The Mail PACIFICATION AND ACCOMMODATION
To the Editors of he CRIMSON:
Your October 17th issue contained the following sentence in an article by Mr. M. David Landau:
"As Professor Huntington so incisively put it in July 1968, the NLF is 'a powerful force which cannot be dislodged from its constituency so long as the constituency continues to exist.'"
Unfortunately I was not incisive enough to prevent Mr. Landau-and his mentor, Mr. Chomsky, whom he faithfully copies in this regard-from quoting this phrase so completely out of context so as to make it imply the exact opposite of what I said. The quoted phrase appears in an article entitled "The Bases of Accommodation" and the complete paragraph in which it appears is as follows:
"Time in South Viet Nam is increasingly on the side of the Government. But in the short run, with half the population still in the countryside, the Viet Cong will remain a powerful force which cannot be dislodged from its constituency so long as the constituency continues to exist. Peace in the immediate future must hence be based on accommodation."
(Foreign Affairs, July 1968, p. 653)
[My quotations from Mr. Huntington's article do not "imply" anything other than his observations of what tactics the Americans have successfully pursued in order to achieve their goals in Vietnam. The passages are not quoted out of context.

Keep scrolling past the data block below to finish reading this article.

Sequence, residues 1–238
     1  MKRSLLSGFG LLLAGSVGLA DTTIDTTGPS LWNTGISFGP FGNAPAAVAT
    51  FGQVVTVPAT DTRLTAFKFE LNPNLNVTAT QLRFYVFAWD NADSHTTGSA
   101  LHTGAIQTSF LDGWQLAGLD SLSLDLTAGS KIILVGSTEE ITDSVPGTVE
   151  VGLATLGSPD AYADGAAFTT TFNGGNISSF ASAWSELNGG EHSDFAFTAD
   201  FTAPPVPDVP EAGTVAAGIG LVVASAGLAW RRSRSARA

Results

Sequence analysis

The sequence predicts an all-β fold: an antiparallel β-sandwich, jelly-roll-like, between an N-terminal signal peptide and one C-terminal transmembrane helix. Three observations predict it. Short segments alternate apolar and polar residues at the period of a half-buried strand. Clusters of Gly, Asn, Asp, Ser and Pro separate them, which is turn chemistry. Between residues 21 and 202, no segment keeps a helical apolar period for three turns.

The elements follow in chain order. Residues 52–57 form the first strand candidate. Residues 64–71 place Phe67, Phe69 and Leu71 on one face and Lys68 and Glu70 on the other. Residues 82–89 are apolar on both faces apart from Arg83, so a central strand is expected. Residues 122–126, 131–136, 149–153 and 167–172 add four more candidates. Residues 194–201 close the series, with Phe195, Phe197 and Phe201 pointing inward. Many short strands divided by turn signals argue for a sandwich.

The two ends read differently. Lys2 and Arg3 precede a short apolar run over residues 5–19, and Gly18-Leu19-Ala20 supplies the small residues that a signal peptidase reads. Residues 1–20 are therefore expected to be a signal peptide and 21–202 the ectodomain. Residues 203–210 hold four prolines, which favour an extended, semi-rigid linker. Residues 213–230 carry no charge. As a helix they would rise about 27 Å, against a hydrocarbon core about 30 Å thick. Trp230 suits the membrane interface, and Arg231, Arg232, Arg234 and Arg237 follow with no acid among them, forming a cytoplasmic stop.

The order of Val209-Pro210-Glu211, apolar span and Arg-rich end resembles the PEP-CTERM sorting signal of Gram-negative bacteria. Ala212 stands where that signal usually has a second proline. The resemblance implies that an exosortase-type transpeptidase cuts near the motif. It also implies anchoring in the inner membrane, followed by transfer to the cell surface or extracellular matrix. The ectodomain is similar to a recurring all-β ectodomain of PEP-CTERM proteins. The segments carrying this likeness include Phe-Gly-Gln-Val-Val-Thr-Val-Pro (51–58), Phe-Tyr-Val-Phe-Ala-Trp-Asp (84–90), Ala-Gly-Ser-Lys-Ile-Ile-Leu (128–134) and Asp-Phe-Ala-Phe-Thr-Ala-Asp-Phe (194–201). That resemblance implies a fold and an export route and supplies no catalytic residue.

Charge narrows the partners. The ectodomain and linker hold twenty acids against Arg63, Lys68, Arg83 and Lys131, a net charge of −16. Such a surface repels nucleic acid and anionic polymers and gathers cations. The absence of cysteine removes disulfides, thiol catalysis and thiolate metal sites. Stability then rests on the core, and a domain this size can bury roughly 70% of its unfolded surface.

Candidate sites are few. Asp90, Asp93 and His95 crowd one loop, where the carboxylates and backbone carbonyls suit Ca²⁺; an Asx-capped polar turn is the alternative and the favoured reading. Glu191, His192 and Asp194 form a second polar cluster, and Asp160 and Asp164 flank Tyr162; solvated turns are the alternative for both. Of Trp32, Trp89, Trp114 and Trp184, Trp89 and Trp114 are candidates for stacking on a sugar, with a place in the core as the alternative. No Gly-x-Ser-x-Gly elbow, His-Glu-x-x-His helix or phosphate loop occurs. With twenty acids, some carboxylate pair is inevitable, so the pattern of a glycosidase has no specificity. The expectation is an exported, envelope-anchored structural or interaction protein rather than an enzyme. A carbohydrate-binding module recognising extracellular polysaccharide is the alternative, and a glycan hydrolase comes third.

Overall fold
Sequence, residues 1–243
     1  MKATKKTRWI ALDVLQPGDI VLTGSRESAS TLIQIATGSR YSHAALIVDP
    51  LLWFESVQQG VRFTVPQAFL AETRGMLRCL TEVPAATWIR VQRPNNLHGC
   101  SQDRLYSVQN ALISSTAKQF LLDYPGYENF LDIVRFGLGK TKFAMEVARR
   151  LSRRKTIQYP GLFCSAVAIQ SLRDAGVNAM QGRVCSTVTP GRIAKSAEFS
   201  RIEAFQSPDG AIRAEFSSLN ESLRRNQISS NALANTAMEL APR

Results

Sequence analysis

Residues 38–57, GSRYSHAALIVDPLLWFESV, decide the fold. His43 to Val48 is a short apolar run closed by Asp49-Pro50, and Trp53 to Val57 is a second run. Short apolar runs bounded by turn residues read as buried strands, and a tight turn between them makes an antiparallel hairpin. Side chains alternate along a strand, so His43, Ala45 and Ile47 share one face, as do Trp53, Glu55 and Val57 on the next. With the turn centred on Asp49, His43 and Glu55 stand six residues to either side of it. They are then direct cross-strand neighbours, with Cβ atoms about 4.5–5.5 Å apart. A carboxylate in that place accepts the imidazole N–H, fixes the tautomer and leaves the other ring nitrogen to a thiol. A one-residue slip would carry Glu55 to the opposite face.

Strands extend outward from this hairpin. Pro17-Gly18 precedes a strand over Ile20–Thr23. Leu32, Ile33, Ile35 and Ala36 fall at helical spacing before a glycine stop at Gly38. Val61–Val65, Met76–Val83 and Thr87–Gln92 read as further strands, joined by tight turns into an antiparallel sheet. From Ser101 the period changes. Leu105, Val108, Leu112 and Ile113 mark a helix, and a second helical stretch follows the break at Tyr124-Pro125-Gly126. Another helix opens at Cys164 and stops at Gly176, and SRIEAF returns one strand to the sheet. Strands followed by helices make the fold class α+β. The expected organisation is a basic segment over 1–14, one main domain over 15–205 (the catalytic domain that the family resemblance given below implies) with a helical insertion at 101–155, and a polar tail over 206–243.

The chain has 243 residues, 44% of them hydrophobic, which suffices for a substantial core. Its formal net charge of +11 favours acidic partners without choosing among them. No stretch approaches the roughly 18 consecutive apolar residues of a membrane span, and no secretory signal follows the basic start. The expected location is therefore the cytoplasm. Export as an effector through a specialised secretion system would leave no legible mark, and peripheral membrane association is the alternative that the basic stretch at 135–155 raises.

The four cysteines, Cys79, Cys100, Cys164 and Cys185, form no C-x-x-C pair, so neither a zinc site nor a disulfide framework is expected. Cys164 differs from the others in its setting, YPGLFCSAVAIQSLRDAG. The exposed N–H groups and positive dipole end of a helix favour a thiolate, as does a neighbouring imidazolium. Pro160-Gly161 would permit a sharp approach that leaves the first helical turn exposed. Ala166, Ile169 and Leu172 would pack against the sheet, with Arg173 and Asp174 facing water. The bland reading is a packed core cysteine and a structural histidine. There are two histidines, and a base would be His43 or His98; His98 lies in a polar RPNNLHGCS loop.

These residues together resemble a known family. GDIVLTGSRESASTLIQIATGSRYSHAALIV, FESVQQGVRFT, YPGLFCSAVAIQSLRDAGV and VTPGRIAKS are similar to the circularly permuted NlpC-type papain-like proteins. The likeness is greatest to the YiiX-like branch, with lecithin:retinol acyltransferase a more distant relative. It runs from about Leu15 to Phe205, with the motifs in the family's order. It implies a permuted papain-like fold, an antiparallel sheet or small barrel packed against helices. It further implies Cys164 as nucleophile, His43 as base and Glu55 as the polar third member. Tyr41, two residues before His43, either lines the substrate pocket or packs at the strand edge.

The paragraph preceding the excerpt in question reads as follows: "In an absent-minded way the United States in Viet Nam may well have stumbled upon the answer to 'wars of national liberation.' The effective response lies neither in the quest for conventional military victory nor in the esoteric doctrines and gimmicks of counter-insurgency warfare. It is instead forced-draft urbanization and modernization which rapidly brings the country in question out of the phase in which a rural revolutionary movement can hope to generate sufficient strength to come to power."
Mr. Huntington's apparent preference for accommodation "in the immediate future" seems to be based on another observation which he makes in the article: "To eliminate Viet Cong control in these areas would be an expensive, time-consuming and frustrating task. It would require a much larger and more intense military and pacification effort than is currently contemplated by Saigon and Washington. Consequently, effective Viet Cong control of these areas is a political fact which does not seem likely to change for some while, if indeed it ever does."